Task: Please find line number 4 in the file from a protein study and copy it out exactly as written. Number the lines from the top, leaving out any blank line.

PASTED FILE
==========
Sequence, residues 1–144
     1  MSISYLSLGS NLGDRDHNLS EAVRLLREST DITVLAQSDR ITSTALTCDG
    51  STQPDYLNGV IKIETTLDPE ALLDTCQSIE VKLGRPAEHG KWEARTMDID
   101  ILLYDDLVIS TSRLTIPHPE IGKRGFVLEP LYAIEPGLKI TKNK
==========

   101  ILLYDDLVIS TSRLTIPHPE IGKRGFVLEP LYAIEPGLKI TKNK